Monday, May 29, 2017

Arte: Somerset Maugham and Me—Filmed for the Franco-German Cultural Channel: Part I





Richard Cloue, Laure Michel and Robert Raymer at Fort Margherita

Three weeks after receiving an out-of-the-blue email from France, I found myself being filmed in Borneo talking about Somerset Maugham for the Franco-German Cultural Channel Arte for a pro­gram called “The Invitation to Travel” or L’Invitation au Voyage. I was filmed in three locations (not counting outtakes in the jungle) over two days:  Fort Mar­gherita, my office, and on the riverbank at Kampung Git.


Having read Trois autres Malaisie, the French translation of Lovers andStrangers Revisited, Laure Michel, French journalist and cultural documentary filmmaker contacted me with the help of Shan Iman, a Production cum Location Manager & Fixer, hired to liaise and organize their two week trip to Kuala Lumpur, Malacca and Sarawak.  Their initial goal was to film a segment on “Sensual Malaysia of Somerset Maugham” (“Sensuelle Malaisie de Somerset Maugham”) and also “The Pepper of Sarawak” since it’s venerated by the great chefs of Paris.

I knew nothing about the pepper industry, even though my neighbor recently started to grow it next door, but I am vaguely familiar with Maugham, having read a collection of 65 of his short stories more than once, his autobiography The Sum­ming Up, and numerous accounts of his life and his visits to Malaya and Bor­neo over the past several decades…

I first became intrigued with Maugham back in 1980 when I visited the old Raffles Hotel in Singapore, before it was heavily refurbished, aware that Somer­set Maugham had stayed there.


          
Then in Penang, at the old E & O Hotel, inside the 1885 Room, I once wrote, “I glanced around at the other hotel guests and patrons…the Wes­terners, in particular.  They all seemed to have a somber, yet dignified look about them like char­a­c­ters stepping out of a story by Joseph Conrad or Somer­set Maugham, both of whom had re­puted­ly stayed there.”


  
    After deciding to take up the challenge, I needed to brush up on my Maugham, so I reread The Summing Up, his Borneo stories, others set in Malaya including “The Letter” and a few celebrated stories like “Rain” set elsewhere. 

    Unlike Anthony Burgess who taught in Malay­sia and Rudyard Kipling and EM Forster who lived in India, Maugham was just passing through, so he had no vested interest; therefore he could be objective and critical of the British Raj, even poke fun at them.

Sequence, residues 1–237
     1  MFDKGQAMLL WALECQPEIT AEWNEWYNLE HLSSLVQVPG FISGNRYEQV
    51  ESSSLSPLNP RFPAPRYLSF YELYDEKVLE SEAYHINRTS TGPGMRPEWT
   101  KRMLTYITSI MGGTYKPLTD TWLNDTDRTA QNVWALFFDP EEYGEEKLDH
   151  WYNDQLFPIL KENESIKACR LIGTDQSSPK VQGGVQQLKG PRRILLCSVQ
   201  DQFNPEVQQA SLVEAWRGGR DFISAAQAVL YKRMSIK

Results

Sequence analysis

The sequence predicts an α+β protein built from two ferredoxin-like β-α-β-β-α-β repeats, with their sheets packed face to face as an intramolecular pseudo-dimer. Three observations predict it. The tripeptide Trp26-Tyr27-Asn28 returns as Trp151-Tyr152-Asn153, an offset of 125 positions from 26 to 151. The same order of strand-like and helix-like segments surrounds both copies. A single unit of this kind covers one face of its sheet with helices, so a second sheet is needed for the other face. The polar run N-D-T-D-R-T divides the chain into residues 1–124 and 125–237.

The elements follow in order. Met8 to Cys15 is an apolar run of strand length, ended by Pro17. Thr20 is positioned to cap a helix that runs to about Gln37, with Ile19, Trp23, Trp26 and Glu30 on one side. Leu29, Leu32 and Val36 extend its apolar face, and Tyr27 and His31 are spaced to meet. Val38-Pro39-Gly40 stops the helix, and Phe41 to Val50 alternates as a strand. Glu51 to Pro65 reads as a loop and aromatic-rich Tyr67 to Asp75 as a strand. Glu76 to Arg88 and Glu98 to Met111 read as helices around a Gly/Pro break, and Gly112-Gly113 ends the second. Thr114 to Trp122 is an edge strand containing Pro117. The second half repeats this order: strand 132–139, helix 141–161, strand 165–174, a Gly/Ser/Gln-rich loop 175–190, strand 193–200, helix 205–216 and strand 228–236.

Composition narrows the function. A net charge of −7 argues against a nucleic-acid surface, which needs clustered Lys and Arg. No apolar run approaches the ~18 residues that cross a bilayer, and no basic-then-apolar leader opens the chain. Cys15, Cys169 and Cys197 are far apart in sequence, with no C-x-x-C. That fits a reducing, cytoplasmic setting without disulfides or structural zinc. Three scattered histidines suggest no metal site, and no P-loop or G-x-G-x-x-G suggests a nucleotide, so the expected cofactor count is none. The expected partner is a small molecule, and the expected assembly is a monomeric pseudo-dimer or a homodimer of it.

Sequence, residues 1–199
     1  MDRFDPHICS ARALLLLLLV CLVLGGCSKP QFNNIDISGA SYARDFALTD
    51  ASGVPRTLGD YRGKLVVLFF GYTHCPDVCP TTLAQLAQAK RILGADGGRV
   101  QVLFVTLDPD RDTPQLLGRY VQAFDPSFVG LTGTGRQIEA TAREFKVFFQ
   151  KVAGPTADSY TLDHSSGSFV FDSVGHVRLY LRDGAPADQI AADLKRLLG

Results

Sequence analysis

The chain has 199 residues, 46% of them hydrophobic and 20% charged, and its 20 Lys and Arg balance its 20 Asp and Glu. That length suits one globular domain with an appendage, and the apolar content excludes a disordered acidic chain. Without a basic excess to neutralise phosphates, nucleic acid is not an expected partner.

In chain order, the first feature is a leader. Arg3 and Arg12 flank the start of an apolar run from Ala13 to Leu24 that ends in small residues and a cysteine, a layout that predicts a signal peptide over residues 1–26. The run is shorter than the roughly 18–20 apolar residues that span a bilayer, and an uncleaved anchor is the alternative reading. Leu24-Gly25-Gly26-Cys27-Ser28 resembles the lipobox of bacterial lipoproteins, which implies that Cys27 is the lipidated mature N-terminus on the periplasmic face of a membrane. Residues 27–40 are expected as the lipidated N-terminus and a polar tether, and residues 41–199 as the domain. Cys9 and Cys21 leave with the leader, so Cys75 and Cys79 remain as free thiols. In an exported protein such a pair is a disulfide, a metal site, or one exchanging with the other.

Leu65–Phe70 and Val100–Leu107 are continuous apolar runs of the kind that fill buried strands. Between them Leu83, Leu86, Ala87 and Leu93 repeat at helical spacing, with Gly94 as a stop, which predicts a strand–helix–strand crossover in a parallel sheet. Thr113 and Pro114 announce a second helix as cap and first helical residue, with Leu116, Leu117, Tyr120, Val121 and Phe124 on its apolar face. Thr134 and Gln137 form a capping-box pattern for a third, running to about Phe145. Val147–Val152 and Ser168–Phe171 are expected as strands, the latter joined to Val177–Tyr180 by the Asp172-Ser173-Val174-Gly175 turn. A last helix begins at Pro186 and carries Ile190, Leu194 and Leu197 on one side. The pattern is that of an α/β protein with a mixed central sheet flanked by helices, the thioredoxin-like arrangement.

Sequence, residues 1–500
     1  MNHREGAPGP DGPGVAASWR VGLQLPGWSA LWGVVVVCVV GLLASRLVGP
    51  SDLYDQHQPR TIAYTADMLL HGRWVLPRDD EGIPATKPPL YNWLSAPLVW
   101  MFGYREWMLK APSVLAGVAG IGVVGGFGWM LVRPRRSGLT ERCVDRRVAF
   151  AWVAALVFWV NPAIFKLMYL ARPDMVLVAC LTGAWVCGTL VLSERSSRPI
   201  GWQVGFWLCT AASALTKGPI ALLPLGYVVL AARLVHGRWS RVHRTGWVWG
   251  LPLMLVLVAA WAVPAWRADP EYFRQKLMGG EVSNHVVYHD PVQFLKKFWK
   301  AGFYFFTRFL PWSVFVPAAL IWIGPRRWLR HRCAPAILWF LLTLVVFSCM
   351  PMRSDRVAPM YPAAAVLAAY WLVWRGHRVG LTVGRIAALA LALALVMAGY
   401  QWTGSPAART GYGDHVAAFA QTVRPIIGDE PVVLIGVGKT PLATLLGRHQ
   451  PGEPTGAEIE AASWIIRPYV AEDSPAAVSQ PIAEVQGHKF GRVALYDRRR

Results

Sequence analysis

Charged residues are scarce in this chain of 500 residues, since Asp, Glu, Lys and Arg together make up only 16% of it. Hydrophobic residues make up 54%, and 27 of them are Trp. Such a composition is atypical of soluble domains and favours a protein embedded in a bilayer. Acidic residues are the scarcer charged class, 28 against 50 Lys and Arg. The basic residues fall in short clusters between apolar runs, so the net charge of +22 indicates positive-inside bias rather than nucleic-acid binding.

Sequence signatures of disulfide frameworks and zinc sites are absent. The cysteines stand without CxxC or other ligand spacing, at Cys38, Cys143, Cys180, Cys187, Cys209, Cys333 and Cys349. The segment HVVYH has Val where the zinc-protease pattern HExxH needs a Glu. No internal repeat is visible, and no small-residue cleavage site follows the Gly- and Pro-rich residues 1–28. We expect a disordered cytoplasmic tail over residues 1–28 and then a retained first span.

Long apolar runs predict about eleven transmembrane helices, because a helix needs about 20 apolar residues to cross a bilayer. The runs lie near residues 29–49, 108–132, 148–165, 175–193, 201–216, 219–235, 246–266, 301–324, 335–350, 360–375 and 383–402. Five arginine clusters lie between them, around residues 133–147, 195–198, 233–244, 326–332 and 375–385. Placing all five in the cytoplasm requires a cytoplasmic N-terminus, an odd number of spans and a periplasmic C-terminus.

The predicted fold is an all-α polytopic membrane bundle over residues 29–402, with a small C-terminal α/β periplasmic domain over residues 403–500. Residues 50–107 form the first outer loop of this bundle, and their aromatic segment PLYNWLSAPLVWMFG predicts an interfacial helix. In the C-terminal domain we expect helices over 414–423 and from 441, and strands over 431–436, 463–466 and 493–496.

Somerset MaughamI knew I could never be a “Maugham expert” in a few weeks, so I de­cided to focus my attention on his two visits to Sarawak in the 1920’s.  That’s when I dis­covered a gem…that back in 1921, Somerset Maugham nearly died in Sara­wak.

    While paying a visit to the third White Rajah Brooke of Sarawak, Maugham traveled by boat with his friend and com­panion Gerald Haxton downstream near present day Sri Aman, when the sudden rush of the ten-foot wave from a tidal bore swamped their small craft and sent Maugham, Haxton, and the native crew into the river where they barely survived.

    Had Somerset Maugham drowned in that tidal bore, he would never have written the short story “The Yellow Streak” based on that very near-death encounter.  Nor would he have written any book after The Trembling of a Leaf: Little Stories of the South Sea Islands.  There would be no The Painted Veil, no The Casuarina Tree, no Cakes and Ale, no The Razor’s Edge, and no Ashen­donand possibly no James Bond since Maugham’s spy stories had inspired Ian Fleming!

    Instead of living to be 91, Somerset Maugham would have died at age 47!

    Suddenly I became excited by the possibilities.

    Then I thought if I could write an article on Somerset Maugham in Sarawak, beginning with that near drowning episode since it was so dramatic, it would help to crystallize my thoughts and prepare me for my talk.

    I Googled and read nearly two hundred pages on Maugham from dozens of interviews, book reviews of several biographies, and a few critical analyses of his Borneo stories and his writing style.  I also consulted several books on hand, including a full chapter on Maugham’s writing in the South Seas, and my set of Britannica encyclopedias (from high school)—researching not only Maugham, but also Malaya, Sarawak, Borneo and other related topics, plus I spent a full after­noon at a library…. Afterwards I had ten single-spaced typed pages of usable notes.